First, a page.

Readers Grades K - 2

I Am Yoga

Author: Susan Verde

 

Description: An eagle soaring among the clouds, a star twinkling in the night sky, a camel in the desert, or a boat sailing across the sea... Yoga has the power of transformation. Not only does it strengthen bodies and calm minds, but with a little imagination, it can show us that anything is possible.

New York Times bestselling illustrator Peter H. Reynolds teams up with author and certified Yoga instructor Susan Verde in this book about creativity and the power of self-expression. I Am Yoga encourages children to explore the world of Yoga and make room in their hearts for the world beyond it.

Readers Grades 3-5

Ways To Make Sunshine

Author: Renée Watson

 

Description: Ryan Hart loves to spend time with her friends, loves to invent recipes, and has a lot on her mind—school, self-image, and family. Her dad finally has a new job, but money is tight. That means changes like selling their second car and moving into a new (old) house.

But Ryan is a girl who knows how to make sunshine out of setbacks. Because Ryan is all about trying to see the best. Even when things aren’t all she would wish for—her brother is infuriating, her parents don’t understand, when her recipes don’t turn out right, and when the unexpected occurs—she can find a way forward, with wit and plenty of sunshine.

Readers Grades 6-8

Before The Ever After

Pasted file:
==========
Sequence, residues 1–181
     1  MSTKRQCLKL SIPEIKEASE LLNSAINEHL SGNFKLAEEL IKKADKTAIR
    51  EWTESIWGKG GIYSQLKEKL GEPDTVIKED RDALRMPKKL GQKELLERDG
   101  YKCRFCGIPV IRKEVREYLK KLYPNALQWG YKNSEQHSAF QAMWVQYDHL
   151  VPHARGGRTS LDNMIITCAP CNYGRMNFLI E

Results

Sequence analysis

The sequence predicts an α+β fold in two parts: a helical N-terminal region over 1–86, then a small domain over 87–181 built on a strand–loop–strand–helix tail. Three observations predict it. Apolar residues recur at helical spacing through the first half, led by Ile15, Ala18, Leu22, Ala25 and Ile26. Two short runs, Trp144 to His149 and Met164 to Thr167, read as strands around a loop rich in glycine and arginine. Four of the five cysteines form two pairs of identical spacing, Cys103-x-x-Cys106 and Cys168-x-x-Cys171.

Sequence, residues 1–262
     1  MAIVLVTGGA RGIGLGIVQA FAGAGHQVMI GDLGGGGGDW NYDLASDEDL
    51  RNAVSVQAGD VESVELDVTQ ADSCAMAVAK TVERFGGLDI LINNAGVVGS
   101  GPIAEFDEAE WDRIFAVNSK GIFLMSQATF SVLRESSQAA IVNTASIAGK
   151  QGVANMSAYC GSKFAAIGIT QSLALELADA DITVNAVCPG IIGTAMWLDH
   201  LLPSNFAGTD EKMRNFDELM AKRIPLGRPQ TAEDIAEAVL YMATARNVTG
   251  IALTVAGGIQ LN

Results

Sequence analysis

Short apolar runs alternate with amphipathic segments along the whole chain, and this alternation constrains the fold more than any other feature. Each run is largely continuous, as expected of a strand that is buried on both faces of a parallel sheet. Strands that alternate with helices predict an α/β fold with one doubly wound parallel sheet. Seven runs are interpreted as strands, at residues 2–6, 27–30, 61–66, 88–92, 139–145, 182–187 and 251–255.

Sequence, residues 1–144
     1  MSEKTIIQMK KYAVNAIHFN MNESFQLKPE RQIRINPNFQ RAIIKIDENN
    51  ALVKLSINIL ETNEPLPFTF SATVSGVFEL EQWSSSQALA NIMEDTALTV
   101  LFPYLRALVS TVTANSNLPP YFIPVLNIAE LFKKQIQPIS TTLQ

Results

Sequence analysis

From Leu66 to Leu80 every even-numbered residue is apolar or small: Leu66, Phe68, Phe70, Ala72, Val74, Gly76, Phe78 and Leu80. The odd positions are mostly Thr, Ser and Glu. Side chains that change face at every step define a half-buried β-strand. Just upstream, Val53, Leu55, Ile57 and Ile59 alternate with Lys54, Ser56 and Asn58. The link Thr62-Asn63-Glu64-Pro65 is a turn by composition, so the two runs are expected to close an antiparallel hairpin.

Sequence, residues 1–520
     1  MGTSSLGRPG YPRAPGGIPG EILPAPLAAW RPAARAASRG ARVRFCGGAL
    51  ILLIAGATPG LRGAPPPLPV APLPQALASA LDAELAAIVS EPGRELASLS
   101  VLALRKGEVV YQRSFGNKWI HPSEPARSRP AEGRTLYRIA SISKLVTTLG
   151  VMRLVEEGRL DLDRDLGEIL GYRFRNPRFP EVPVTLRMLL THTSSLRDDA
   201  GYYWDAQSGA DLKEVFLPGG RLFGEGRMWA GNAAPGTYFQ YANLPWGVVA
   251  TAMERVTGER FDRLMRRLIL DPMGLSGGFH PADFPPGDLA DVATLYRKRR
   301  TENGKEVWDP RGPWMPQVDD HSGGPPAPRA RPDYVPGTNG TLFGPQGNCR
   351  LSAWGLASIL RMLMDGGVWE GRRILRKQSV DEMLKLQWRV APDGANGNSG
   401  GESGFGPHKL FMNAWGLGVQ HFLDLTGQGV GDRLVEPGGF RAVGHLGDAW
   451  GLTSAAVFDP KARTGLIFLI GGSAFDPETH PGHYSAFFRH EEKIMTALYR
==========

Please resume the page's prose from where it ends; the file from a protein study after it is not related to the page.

Author: Jacqueline Woodson

 

Description:  National Book Award winner Jacqueline Woodson's stirring novel-in-verse explores how a family moves forward when their glory days have passed and the cost of professional sports on Black bodies.

For as long as ZJ can remember, his dad has been everyone's hero. As a charming, talented pro football star, he's as beloved to the neighborhood kids he plays with as he is to his millions of adoring sports fans. But lately life at ZJ's house is anything but charming. His dad is having trouble remembering things and seems to be angry all the time. ZJ's mom explains it's because of all the head injuries his dad sustained during his career. ZJ can understand that--but it doesn't make the sting any less real when his own father forgets his name. As ZJ contemplates his new reality, he has to figure out how to hold on tight to family traditions and recollections of the glory days, all the while wondering what their past amounts to if his father can't remember it. And most importantly, can those happy feelings ever be reclaimed when they are all so busy aching for the past?